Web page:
How not to think about ChatGPT
Why we should dismiss the claims of those who dismiss the significance of large language models.
Until very recently, machines didn’t converse with humans, and neither did animals, beyond the odd snort or grunt. Our species, and only our species, used complex language. But we’ve now built a machine that can converse with us. Most of us, in most contexts, would find it difficult to distinguish its output from that of another human.
What on earth does this mean?
It’s hard for me—as it clearly is for everyone—to figure out how to make sense of this. How significant is this, really? What does it represent? How much will it change the world? How promising is it? How dangerous? What can we reasonably predict will happen next? How do we distinguish between reality and hype?
Having now spent a number of sleepless nights thinking about it, I’ve concluded it would be easier for me to say what isn’t true about ChatGPT, or what can’t be true, than to make affirmative statements about its capabilities and significance. And perhaps that’s good enough. Perhaps, through a process of elimination, we’ll narrow things down to a useful assessment. And if not, at least we’ll dispense with a few bad arguments.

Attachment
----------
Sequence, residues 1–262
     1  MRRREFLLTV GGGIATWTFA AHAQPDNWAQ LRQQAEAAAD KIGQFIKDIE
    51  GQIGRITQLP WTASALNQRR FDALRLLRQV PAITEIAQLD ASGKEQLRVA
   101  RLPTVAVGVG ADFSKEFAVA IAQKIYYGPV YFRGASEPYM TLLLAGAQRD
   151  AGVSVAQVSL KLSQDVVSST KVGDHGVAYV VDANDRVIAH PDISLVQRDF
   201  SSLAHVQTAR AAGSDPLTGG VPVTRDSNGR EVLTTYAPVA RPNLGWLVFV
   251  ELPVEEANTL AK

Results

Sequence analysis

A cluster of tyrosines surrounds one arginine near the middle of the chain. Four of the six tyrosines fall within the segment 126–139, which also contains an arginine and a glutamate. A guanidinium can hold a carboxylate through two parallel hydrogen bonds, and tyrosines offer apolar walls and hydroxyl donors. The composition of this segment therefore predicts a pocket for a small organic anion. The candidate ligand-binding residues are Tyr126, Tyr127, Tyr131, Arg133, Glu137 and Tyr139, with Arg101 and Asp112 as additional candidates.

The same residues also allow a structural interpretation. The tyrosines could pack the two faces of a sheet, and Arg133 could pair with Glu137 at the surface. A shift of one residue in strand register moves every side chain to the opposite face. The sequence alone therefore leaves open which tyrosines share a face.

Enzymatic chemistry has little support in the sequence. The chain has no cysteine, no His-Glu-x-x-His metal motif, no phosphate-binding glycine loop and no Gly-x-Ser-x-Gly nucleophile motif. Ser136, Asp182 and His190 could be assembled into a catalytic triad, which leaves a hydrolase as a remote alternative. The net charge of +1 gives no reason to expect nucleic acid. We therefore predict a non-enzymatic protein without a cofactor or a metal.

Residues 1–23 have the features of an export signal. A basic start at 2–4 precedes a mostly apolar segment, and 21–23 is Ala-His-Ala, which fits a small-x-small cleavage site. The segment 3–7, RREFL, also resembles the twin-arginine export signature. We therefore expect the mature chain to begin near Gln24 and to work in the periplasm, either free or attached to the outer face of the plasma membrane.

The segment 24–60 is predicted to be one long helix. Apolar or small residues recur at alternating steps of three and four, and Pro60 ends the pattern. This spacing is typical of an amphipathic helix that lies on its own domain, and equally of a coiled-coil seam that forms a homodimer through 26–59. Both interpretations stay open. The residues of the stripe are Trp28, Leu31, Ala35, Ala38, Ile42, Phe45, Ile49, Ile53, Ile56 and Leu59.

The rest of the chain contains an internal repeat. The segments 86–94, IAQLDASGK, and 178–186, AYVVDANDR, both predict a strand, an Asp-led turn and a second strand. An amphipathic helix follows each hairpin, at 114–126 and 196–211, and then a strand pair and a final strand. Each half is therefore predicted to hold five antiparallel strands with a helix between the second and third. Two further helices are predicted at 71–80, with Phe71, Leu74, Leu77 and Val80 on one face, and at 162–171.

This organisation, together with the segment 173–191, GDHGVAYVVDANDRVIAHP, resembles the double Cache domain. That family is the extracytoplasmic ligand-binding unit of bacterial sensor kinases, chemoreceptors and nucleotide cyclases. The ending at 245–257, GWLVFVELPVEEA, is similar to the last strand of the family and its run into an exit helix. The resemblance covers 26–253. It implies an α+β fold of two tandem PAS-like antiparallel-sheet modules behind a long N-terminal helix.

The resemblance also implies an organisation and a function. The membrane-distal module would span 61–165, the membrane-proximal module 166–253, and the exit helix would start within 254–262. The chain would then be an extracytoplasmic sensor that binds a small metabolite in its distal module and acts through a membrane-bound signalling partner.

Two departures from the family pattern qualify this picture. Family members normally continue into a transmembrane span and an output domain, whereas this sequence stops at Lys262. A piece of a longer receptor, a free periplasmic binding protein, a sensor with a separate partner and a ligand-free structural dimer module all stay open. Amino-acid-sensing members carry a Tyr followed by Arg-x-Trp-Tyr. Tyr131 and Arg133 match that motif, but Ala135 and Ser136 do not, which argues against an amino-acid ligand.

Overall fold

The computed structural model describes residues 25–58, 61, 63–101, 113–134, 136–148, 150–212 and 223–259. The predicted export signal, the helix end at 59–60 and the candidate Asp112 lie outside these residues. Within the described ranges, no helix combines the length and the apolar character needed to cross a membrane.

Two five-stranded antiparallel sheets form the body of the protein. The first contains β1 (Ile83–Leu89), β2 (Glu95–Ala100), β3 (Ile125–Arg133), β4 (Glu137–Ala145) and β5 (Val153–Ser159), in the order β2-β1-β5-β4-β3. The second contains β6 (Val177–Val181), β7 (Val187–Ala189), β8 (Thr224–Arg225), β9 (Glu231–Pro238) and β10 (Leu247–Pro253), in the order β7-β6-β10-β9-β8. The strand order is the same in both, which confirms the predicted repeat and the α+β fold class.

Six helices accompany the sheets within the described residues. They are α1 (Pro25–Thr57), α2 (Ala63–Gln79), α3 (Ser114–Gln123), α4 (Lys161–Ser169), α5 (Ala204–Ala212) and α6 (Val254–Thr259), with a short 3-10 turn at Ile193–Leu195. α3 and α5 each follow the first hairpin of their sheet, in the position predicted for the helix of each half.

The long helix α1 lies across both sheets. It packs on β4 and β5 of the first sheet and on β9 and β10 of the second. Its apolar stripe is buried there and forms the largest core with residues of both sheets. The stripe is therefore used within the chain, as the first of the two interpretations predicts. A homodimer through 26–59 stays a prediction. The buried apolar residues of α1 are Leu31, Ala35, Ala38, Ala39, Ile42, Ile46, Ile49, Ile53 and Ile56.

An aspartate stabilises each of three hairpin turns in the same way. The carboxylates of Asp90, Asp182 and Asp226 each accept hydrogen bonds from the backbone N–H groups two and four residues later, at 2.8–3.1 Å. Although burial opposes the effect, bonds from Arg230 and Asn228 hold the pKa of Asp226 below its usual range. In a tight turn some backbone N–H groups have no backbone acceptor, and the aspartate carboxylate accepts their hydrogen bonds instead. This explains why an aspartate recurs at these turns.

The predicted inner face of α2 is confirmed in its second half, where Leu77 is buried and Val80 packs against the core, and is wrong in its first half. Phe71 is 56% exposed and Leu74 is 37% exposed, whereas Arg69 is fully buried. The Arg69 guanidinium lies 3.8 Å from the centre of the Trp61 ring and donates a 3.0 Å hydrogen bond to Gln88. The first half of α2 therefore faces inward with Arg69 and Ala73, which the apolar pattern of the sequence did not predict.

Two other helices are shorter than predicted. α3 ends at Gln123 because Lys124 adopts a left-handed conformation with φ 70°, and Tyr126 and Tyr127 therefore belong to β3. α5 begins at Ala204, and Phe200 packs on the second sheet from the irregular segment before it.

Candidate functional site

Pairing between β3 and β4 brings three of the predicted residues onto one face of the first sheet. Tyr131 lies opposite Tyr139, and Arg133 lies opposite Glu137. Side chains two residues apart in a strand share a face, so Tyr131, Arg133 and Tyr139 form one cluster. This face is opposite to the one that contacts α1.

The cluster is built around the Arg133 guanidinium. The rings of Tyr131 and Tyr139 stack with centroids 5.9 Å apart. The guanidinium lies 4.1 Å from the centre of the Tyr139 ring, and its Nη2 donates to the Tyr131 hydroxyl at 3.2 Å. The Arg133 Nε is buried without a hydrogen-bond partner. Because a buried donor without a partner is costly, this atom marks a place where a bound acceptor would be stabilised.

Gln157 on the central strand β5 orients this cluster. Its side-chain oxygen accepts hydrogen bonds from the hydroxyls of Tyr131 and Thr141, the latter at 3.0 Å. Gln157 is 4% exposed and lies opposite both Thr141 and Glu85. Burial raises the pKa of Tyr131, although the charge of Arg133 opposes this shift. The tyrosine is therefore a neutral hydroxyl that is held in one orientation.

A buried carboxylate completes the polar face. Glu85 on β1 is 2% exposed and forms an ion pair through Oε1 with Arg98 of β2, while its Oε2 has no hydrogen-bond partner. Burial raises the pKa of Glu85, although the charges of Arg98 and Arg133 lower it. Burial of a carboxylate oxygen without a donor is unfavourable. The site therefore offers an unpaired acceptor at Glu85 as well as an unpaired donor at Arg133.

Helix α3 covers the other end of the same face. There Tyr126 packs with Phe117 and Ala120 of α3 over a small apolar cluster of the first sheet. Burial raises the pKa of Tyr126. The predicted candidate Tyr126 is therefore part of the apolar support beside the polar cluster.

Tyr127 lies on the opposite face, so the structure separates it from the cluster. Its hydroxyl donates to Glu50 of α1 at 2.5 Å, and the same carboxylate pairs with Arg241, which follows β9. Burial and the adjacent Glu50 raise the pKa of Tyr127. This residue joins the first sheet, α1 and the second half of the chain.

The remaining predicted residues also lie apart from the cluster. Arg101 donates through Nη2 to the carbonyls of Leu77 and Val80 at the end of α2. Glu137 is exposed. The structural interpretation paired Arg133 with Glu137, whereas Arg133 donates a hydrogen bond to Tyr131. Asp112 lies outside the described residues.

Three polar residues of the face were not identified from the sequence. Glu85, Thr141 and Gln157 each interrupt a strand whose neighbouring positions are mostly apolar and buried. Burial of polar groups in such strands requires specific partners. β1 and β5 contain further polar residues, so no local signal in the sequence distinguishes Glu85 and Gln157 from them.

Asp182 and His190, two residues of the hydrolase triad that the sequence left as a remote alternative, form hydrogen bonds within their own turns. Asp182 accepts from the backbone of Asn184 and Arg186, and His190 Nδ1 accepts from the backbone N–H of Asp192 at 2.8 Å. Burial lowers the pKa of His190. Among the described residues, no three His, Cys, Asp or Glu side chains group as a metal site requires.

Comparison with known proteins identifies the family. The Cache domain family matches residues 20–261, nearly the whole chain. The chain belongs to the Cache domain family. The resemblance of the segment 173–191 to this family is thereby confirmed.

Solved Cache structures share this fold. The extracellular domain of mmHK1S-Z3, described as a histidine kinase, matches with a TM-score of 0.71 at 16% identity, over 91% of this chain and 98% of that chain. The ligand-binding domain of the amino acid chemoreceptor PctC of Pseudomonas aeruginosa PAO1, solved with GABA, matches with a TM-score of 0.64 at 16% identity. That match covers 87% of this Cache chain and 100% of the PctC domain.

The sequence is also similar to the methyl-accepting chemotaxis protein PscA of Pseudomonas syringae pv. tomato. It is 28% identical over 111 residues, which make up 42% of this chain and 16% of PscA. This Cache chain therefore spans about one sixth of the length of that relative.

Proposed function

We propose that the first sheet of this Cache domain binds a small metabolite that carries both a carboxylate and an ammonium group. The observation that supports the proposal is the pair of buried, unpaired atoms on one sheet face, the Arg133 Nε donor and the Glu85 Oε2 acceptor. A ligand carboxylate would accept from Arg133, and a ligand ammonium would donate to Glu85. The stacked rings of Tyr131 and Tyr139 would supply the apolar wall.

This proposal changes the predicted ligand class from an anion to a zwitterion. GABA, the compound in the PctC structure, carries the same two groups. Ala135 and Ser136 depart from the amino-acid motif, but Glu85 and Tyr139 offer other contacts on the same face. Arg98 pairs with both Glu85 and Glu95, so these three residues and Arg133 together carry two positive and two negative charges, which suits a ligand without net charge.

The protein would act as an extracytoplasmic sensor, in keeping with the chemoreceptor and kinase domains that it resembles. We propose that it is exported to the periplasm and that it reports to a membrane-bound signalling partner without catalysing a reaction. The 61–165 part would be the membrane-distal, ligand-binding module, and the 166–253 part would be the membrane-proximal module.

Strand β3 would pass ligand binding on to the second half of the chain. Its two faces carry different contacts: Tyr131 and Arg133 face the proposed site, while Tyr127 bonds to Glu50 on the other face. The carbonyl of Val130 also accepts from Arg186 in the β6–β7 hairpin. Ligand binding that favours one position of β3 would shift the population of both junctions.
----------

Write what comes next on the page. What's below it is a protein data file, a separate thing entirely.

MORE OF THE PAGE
Below are a series of claims I’ve recently seen made about ChatGPT. I can say (with some confidence) that they’re wrong.
“It’s not a big deal.”
This is a surprisingly common thing to say. The urge to deny the significance of ChatGPT—to claim that we’re not really seeing what we seem to be seeing; it’s all some kind of Clever-Hans sleight-of-hand—is so widespread that I’ve concluded most of us are in denial. Perhaps this is because it’s so astonishing it’s hard to take in. Perhaps this is because it shouldn’t be possible: Machines are not supposed to do this! Or maybe it’s a function of anxiety. This is clearly a revolutionary technology, and it makes the future both very hard to predict and, patently, extremely dangerous. People tend not to like big changes and uncertainty. They certainly don’t like existential risk. So maybe it’s easiest just to say, “Don’t believe your lying eyes. It’s not really doing that.”
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